The debate over corporal punishment is heating up again this week, with news of Minnesota Vikings running back Adrian Peterson’s indictment for taking a “switch” and “whooping” his child. Naturally, Bill O’Reilly felt the need to inject his opinion on the matter, inviting fellow host Martha MacCallum to discuss what value there is in hitting children as punishment.
No such discussion is okay without first making a bandwagon appeal. The two began by citing surveys showing that a majority of Americans believe that corporal punishment is a-OK, and that the number reached 82% for African-Americans, and 71% for whites. And while O’Reilly agreed that causing lacerations from something “akin to a whip” was “abuse,” he felt different about a good ol’ fashioned swat on the behind with an open hand:
How about a child that runs in the street? And you say, ‘look, you can’t run in the street because you’ll be dead if the car hits you’ and the kid still runs in the street. You’ve got to get the child’s attention.
This is actually a relatively common argument in favor of smacking a child. I’ve heard this and I’ve heard the argument of the child reaching for a pot of boiling water, or trying to stick a fork in an electrical socket. MacCullum apparently had as well, because she responded by asking O’Reilly that if it was necessary to get their attention “by hitting them.”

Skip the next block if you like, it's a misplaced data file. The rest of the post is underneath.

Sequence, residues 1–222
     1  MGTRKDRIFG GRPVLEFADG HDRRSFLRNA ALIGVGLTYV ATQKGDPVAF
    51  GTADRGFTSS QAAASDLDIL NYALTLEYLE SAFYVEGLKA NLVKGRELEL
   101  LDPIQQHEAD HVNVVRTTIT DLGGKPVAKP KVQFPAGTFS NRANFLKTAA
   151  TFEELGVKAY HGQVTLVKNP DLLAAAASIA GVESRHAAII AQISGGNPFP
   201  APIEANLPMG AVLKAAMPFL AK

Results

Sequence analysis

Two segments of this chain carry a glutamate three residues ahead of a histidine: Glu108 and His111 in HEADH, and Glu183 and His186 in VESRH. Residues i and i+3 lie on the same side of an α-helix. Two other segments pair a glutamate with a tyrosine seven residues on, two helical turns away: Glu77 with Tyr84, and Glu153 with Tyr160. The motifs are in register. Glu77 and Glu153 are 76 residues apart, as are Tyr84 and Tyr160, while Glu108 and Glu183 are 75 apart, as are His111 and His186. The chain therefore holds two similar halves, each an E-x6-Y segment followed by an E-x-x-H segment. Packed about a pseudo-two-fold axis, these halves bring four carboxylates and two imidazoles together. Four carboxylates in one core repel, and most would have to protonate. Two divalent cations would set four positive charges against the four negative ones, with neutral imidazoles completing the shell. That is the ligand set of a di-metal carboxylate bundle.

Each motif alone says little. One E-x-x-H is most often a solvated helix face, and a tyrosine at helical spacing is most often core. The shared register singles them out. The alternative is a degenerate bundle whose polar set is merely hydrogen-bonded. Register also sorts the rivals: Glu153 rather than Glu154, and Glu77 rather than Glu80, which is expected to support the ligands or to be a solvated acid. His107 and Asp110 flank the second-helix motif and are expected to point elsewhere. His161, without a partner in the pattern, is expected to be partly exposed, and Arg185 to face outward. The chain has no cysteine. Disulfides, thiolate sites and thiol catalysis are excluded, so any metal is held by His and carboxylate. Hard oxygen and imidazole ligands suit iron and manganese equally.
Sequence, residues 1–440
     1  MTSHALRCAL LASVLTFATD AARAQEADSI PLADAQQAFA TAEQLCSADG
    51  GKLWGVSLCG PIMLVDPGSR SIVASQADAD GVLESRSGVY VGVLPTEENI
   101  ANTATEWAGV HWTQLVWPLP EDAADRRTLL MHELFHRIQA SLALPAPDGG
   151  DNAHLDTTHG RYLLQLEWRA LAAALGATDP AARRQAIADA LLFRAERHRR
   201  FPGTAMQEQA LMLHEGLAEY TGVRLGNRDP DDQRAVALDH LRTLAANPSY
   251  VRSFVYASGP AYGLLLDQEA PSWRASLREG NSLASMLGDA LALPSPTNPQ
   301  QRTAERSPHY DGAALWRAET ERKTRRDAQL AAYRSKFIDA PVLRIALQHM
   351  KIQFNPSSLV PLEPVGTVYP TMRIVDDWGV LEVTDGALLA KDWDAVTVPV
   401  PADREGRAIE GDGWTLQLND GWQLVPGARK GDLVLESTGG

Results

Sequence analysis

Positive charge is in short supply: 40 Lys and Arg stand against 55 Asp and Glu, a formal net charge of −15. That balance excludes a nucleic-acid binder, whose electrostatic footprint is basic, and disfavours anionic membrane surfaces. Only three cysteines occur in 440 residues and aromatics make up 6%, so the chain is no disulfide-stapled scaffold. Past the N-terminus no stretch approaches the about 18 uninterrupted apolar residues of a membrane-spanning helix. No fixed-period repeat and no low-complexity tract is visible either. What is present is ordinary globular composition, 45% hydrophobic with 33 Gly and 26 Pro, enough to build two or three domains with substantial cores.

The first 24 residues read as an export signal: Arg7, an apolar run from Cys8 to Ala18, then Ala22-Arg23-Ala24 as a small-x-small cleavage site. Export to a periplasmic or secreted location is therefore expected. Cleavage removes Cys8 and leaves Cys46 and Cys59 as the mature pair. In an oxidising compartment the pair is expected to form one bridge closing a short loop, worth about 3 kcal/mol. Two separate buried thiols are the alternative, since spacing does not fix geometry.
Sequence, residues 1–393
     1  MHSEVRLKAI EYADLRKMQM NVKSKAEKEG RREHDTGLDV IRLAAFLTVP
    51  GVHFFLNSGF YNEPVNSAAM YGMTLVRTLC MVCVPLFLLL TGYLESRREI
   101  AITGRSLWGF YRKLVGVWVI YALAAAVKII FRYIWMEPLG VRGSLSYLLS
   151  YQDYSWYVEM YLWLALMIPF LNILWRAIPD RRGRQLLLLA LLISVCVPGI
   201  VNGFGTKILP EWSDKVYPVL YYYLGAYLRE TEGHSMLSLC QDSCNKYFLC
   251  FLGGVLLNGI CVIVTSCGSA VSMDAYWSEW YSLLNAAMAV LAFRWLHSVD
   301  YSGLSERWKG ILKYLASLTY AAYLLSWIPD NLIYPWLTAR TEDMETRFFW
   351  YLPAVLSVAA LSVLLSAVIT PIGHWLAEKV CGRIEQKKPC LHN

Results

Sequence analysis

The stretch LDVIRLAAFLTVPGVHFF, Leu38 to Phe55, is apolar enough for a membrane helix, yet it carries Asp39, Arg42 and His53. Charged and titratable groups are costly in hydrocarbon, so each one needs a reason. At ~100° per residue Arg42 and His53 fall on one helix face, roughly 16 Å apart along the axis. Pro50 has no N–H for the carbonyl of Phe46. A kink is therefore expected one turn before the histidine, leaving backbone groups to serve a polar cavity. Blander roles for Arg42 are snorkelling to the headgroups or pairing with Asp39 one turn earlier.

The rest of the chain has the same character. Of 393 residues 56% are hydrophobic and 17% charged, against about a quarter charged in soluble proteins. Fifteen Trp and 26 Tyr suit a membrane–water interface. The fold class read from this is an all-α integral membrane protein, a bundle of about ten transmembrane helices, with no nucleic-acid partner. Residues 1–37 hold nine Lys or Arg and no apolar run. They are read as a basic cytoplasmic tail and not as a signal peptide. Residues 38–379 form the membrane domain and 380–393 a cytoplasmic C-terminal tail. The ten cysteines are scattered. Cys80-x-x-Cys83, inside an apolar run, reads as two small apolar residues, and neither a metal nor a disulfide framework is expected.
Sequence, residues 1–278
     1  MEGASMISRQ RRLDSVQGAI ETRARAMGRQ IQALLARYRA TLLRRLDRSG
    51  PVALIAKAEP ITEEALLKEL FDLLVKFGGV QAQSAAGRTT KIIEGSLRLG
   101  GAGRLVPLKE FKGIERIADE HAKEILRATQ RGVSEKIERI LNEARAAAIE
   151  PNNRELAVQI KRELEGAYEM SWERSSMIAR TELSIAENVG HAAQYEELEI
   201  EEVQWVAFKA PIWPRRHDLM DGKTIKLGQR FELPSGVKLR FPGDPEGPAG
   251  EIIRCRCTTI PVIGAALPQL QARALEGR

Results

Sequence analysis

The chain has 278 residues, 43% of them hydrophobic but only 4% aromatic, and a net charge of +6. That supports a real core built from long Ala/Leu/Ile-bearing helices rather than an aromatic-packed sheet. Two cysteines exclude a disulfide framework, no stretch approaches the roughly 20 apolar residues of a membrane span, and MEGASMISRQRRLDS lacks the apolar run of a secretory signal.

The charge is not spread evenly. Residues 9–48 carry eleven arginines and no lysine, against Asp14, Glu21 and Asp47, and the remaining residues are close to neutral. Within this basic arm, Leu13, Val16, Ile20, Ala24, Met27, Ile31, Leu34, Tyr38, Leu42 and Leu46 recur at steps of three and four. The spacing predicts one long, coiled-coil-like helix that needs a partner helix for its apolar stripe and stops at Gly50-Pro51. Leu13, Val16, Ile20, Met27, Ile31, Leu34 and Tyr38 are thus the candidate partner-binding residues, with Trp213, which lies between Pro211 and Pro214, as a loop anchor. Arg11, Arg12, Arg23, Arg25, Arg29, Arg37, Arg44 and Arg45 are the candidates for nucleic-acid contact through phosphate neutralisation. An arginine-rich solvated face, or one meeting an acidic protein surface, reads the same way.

No, I didn’t say that. I’m not going to condemn Americans tonight who have spanked their children gently or lightly, I’m not going to do that here on The Factor, I don’t think that’s right. Because each child is different. And if you’re trying to protect your child from something, and you give them a little whack when they’re younger and they remember that whack because it startles them, that might accomplish it.
This is actually different from why most people spank their children. If dad threatens to take off his belt, it’s not because he’s stopping you from running in the street. It’s because you did something wrong and he’s going to punish you. It’s disciplinary.
That word, punish, does not mean, “get your attention.” Peterson wasn’t trying to get his child’s attention, Peterson was trying to punish his child. The debate’s not about using a light tap or swat and snatching the child away from whatever will harm them. The debate should be about using actual physical abuse with a tool as an instrument of punishment and discipline. Something that, it should be mentioned, is illegal to use against adults.
But it’s not, and it won’t be as long as people continue to debate red herrings rather than discuss the actual issue.